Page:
If there is a strike there will be no ferry’s from either Piraeus or Rafina. Your only option will be to fly if you want to get to Mykonos on 3 July.
For flights check https://www.olympicair.com/en and or https://www.skyexpress.gr/en/
>>Being Indian and Pure vegetarian I am carrying my food along with me <<
Are you aware that 50% (or even more) of Greek cuisine are vegetarian dishes? So why should you take a whole lot of food all the way with you?
World Cuisine: Indian Food – Myth or Fact
EES Presents Food Ways “Food ways” is an expression that dates back to 1946. It refers to the eating habits and culinary practices of a people, region, or historical period. Food Ways Presented by Everyday Exotic Spices : Foodie finds for food lovers – curated content from around the web, presented by Everyday Exotic Spices, sharing the ways we all like to enjoy our food! Pages BLOG SPONSORS Have Fun Exploring This Blog and the Related Links We Share! Thank you for visiting. NOTE: You may need to pause AdBlock in your browser to fully enjoy this site.
Tumblr for Foodies ♦ Shop and Earn! ♦ My Shopping Channel ♦ Rx4Wellness Health Tips ♦ My Fox Nooze ♦ The Health Food Store ~ your one stop shop for healthy, gluten free, innovative products.♦ Salsa Express ~ The original and largest source for gourmet fiery foods since 1991. Gift packs, popular salsas, hot sauces, dip mixes, and fiery snacks delivered quickly for your next celebration!♦ Personal Chef To Go ~ Say goodbye to dieting and say hello to delicious, everyday gourmet meals for today’s health conscious consumer. Enjoy fine dining restaurant quality meals at half the cost! * Thursday, June 27, 2019 World Cuisine: Indian Food – Myth or Fact Do you like Indian food? I do! Although must admit, had to acquire a taste for it. My first time trying a so-called authentic Indian dish was at one of those American mall-type food courts, where there are all kinds of restaurants for you to choose from. That probably wasn’t the best place for me to get my first taste. Was taken aback by some sort of flavor or spice that my palette was clearly not expecting. It threw me off! Later on, when cooking channels became so popular on television, started learning how to prepare Indian dishes. There was the one lady who referred to herself as a “ spice goddess ”. Because really it comes to cooking, Indians do know their spices. No argument. Her recipes always seemed so simple, easy to prepare, and she explained the herbs and spices she used for flavoring and showed you how to incorporate them into the recipes. Crush these seeds. Warm this spice in the pan. Sprinkle these herbs. Decided to try Indian food again and was very pleased with the tasting tests. Below is a link to a blog post that eliminates common myths about Indian food. Didn’t know there were myths but good to know they can be ignored. What were some of the myths? All Indian food is spicy. All Indian food is vegetarian. All Indian food is overloaded with curry.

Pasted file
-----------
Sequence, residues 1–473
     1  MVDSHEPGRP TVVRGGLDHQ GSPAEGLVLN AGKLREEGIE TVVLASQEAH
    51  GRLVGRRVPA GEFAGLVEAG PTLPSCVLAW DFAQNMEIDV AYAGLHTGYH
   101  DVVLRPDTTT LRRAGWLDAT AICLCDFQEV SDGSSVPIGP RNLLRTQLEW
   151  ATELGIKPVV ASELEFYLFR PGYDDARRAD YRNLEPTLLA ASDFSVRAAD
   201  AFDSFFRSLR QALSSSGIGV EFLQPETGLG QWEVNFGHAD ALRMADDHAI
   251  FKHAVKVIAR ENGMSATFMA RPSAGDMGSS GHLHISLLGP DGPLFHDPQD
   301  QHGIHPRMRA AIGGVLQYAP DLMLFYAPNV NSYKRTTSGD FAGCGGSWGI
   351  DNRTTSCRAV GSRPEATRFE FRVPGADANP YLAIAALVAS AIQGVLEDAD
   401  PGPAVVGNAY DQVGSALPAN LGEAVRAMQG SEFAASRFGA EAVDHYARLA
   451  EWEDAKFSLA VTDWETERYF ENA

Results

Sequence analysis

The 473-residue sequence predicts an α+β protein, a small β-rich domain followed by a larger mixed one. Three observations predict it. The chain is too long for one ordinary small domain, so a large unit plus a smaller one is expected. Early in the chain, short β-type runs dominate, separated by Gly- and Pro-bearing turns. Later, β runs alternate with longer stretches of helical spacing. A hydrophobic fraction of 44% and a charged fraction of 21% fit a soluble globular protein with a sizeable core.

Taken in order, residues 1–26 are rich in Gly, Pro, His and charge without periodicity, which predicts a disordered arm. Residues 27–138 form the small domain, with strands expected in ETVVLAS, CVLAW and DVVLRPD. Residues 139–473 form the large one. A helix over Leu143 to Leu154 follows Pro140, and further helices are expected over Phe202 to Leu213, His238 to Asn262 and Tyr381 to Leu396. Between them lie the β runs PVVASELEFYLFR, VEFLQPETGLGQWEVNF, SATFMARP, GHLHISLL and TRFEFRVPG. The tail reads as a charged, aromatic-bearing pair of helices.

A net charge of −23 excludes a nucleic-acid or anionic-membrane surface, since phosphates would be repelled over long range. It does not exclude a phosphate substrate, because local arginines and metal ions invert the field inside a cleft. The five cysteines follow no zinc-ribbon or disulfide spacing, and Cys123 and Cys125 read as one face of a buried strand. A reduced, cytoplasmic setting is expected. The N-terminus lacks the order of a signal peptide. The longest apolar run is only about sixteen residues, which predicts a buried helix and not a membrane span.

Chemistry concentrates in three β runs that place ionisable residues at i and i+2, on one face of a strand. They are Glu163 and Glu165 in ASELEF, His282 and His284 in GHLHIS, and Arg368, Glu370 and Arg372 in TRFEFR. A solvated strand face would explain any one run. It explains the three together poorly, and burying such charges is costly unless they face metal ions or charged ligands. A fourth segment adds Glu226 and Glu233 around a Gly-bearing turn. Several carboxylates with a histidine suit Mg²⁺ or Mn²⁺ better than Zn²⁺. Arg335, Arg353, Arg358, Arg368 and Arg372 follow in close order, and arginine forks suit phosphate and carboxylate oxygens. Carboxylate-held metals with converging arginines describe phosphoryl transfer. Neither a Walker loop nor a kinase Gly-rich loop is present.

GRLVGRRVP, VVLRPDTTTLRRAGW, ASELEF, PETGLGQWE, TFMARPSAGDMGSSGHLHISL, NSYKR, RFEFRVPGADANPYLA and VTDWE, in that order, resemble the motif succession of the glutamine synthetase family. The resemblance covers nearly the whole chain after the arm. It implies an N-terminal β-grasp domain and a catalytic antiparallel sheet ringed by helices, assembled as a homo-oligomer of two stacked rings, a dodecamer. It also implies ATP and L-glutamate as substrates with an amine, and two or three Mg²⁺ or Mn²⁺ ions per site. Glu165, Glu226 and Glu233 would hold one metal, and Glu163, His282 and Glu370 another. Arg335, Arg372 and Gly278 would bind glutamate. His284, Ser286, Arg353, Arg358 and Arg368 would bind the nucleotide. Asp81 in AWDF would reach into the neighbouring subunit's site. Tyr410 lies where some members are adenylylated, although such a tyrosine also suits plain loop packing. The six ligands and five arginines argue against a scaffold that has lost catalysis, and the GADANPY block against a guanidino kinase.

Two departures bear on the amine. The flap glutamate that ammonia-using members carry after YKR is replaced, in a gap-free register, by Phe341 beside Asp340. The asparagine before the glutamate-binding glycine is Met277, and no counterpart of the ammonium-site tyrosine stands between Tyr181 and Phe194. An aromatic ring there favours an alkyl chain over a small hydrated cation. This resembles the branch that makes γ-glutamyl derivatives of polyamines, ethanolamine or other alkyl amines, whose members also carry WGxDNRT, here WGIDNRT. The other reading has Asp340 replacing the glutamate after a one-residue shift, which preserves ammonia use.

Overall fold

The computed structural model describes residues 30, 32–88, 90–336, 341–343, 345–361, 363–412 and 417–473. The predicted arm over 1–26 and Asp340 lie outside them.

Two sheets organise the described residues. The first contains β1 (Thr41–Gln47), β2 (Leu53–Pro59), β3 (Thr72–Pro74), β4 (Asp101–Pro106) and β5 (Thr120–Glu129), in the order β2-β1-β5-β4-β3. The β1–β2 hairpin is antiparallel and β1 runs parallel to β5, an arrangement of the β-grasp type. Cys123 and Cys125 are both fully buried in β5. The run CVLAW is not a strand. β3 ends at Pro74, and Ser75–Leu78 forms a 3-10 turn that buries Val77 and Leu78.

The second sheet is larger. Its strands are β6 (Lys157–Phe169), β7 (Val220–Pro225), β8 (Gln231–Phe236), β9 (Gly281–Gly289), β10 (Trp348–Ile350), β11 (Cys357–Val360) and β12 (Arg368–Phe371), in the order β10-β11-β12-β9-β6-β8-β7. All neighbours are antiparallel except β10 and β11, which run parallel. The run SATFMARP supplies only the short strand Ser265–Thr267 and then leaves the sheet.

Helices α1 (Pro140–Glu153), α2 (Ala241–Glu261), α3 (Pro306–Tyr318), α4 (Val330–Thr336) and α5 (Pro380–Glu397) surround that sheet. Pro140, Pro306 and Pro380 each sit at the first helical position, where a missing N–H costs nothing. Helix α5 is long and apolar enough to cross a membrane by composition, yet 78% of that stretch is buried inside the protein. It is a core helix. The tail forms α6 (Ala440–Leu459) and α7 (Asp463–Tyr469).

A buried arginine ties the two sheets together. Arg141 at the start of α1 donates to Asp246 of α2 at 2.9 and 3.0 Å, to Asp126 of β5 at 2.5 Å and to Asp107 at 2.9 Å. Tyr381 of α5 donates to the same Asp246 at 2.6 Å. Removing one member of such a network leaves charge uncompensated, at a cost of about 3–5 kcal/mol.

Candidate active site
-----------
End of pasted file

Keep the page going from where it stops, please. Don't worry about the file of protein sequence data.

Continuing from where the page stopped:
All-Purpose Indian Seasonings – The All-Purpose Indian Fusion Spice Blend Features 16 Spices (TrendHunter.com)
References: momsmagicmasala & specialtyfood At the annual Summer Fancy Food Show from the Specialty Food Association, Mom’s Magic Masala’s innovative Indian seasoning was recognized in the 2019 sofi Awards as the Product of the Year. The Indian cuisine-inspired seasoning blend was created based on a family recipe and features 16 different spices, including paprika, cumin, cinnamon, as well as unique additions like pomegranate powder and dried mango. According to founder Sumeet Jhamb, the product is “derived from Indian cuisine, so it borrows heavily from the wider palate of flavor, without being overly spicy.” The All-Purpose Indian Fusion Spice Blend is said to have a unique and savory taste that lends itself well to being paired with everything from meat and vegetables. Some of the recipes that Mom’s Magic Masala shares include kabobs, lamb chops and fried potatoes.
Mauritius: The ultimate wellness and culinary travel guide
Home / Wellness / Mauritius: The ultimate wellness and culinary travel guide Mauritius: The ultimate wellness and culinary travel guide 1 hour ago Wellness
Submerged in the azure Indian Ocean , an atmospheric melody I’m imagining was orchestrated by mermaids fills my ears as we slowly glide through the water approaching the site of the Star Hope shipwreck. It’s one of dozens of ships scuttled off the coast of Mauritius to create “five- star fish hotels” says our submarine captain, Samuel.
It’s not every day you find yourself at 35 metres below sea level, exploring the depths of the ocean in a submarine. In fact, it really is a rarity, with just 12 tourist subs in the world and the Blue Safari Submarine tour I’m on being the only one in the Indian Ocean .
It’s a calm and dreamy feeling to be in the small 10-seater vessel, where everything is cast in a strange blue light as the colour absorption changes the deeper we go.